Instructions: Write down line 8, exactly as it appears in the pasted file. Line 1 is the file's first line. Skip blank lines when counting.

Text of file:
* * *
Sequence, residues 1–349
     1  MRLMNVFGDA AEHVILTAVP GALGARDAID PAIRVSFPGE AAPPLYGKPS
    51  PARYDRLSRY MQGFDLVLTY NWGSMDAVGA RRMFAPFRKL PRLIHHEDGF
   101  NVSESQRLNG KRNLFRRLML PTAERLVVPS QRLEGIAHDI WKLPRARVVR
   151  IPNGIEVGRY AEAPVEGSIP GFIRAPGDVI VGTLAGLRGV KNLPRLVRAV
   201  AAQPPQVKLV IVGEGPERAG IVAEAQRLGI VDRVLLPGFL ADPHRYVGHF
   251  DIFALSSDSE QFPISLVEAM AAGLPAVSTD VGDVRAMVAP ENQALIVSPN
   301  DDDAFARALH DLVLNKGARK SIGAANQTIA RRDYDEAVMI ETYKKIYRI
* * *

   301  DDDAFARALH DLVLNKGARK SIGAANQTIA RRDYDEAVMI ETYKKIYRI